A state of being: what you are vs. what you want

There’s a piece of wisdom passed along the writing circles of this day and age: to round up your linking verbs and off ’em like turkeys on the week before Thanksgiving. At first glance it’s good advice– after all, the natural opposite of a static ‘was’ sentence would be an active sentence, right?


Not always. In fact, it’s easy to fall for the temptation to replace that simple ‘he was sad’ with something much longer and more flowery that, in the end, contains no more meaning than ‘he was sad’. Rather than turning a passive sentence active, you wind up with the dreaded purple prose.

The problem here is that people are thinking too much about the letter of the rule with the intention (if it doesn’t contain a single instance of ‘was’, it must be active, right?). So maybe it’s time to rethink states of being– that elusive thing that a character ‘is’ at any given moment.

When we think of emotion, we often think of it as a reaction. 

I haven’t eaten all day, therefore I’m hungry.

Her book got a bad review, so she’s sad.

He’s angry because he was insulted.

That line of thinking may be accurate, but it’s also passive. It makes the person feeling those things into an object to be acted upon, rather than an active agent.

Instead I challenge you to rethink emotion and states of being– not as something a character is, but as a thing they want.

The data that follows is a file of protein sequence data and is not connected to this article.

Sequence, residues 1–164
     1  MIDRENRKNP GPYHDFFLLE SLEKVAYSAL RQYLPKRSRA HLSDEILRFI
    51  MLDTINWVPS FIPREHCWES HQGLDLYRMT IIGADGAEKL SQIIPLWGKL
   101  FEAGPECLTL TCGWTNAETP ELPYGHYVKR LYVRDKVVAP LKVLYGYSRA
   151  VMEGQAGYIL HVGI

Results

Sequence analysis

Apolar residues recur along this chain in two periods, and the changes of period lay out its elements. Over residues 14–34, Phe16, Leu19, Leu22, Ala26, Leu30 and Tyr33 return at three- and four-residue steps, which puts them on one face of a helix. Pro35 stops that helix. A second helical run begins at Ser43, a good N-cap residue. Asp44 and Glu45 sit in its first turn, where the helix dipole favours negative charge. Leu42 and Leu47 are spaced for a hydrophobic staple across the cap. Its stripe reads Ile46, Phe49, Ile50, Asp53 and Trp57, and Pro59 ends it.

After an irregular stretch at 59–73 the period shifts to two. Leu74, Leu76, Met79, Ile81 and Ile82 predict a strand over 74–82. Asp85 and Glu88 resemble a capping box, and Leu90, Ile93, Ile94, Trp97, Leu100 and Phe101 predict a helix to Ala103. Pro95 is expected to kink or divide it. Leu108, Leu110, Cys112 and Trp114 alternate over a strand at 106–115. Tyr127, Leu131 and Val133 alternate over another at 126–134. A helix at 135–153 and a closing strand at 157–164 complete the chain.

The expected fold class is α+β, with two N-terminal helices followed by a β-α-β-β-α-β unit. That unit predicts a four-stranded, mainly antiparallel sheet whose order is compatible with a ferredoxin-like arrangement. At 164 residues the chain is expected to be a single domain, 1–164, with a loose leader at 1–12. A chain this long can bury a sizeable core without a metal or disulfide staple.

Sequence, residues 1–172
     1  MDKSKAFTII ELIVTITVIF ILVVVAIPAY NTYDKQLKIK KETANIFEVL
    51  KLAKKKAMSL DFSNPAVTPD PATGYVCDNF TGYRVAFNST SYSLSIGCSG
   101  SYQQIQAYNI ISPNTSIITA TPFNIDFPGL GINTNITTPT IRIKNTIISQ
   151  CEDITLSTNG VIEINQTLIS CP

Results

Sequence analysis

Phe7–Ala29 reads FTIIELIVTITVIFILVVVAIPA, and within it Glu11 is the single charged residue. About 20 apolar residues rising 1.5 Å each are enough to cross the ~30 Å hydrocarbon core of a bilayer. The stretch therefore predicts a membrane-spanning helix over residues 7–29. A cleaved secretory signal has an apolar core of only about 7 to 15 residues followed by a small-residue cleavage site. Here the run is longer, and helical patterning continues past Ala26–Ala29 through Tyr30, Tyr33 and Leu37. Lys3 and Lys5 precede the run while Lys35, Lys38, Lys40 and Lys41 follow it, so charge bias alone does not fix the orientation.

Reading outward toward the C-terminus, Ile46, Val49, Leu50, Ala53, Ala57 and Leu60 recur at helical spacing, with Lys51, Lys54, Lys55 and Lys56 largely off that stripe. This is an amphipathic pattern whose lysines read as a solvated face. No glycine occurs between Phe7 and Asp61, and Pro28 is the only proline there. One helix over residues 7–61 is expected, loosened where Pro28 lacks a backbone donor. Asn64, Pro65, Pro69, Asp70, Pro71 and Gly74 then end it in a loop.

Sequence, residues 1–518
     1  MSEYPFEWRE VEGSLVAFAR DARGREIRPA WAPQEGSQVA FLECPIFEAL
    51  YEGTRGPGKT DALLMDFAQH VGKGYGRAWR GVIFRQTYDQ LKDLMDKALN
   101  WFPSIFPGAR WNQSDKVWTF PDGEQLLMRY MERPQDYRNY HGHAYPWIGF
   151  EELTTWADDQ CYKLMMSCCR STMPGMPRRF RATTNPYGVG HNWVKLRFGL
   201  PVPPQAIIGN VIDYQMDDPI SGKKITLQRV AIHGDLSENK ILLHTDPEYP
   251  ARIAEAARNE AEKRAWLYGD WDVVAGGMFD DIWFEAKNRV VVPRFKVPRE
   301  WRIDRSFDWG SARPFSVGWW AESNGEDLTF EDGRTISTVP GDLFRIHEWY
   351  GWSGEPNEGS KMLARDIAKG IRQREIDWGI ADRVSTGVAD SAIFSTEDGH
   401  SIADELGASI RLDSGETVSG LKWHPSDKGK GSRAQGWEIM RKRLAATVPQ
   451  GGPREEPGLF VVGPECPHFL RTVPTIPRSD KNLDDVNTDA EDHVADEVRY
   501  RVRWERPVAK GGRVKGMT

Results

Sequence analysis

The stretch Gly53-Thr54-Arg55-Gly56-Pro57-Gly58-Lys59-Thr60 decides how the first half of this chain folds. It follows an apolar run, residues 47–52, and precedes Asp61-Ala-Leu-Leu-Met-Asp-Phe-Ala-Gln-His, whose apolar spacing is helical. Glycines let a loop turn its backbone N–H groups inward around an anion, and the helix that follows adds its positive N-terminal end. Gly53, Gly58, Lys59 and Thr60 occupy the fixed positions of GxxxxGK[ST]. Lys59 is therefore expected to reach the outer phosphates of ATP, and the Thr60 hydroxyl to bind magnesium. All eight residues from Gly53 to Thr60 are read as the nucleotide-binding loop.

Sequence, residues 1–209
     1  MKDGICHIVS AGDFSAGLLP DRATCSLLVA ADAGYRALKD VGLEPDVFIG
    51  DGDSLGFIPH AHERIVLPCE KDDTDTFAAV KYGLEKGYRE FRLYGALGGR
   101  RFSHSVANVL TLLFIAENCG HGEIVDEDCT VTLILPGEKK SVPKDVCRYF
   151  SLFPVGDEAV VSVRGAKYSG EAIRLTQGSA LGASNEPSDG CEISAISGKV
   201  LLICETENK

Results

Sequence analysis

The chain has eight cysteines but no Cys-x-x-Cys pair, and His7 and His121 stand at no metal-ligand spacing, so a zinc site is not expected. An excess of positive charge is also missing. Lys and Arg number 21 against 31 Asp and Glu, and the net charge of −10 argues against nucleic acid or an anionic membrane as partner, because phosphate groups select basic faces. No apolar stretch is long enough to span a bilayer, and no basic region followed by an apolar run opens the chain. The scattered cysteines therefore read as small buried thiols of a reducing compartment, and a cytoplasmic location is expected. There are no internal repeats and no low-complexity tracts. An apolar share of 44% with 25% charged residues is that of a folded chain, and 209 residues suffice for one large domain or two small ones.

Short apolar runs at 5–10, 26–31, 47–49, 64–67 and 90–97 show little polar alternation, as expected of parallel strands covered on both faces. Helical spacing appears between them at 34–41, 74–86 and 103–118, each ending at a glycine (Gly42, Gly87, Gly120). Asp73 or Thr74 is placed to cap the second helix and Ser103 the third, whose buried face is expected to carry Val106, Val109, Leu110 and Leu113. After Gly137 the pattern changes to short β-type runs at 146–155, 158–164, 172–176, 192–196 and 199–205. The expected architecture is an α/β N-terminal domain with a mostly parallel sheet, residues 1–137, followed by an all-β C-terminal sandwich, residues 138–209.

In the most recent Sims game, all the characters have states of being called moodlets– happy, sad, uncomfortable, angry, etc– each of which triggers certain desires. A Sim who’s feeling embarrassed might have a sudden urge to hide from the world in their bed; a Sim who’s feeling feeling flirty might want to hug someone; an angry Sim might want to insult someone, and so forth.

What it looks like:

So let’s take a plain emotion:

Bob is angry at Jim.

Translate it into a desire, and you have:

Bob wants to punch Jim in the face.

The fact that Bob’s angry at Jim still comes across, but without that pesky ‘is’. Of course, repeating ‘Bob wants’ every paragraph is boring. So you can take it a step further. Figuring out what the character wants makes it that much easier to find a physical expression of that desire:

Bob clenches his fist.

Some further examples:

  • Sue was disgusted.
  • Sue wanted to throw up.
  • Sue tasted vomit rising in her throat.


  • Dave is hungry.
  • Dave wants a sandwich.
  • Dave’s stare keeps straying to Dana’s sandwich during their conversation.

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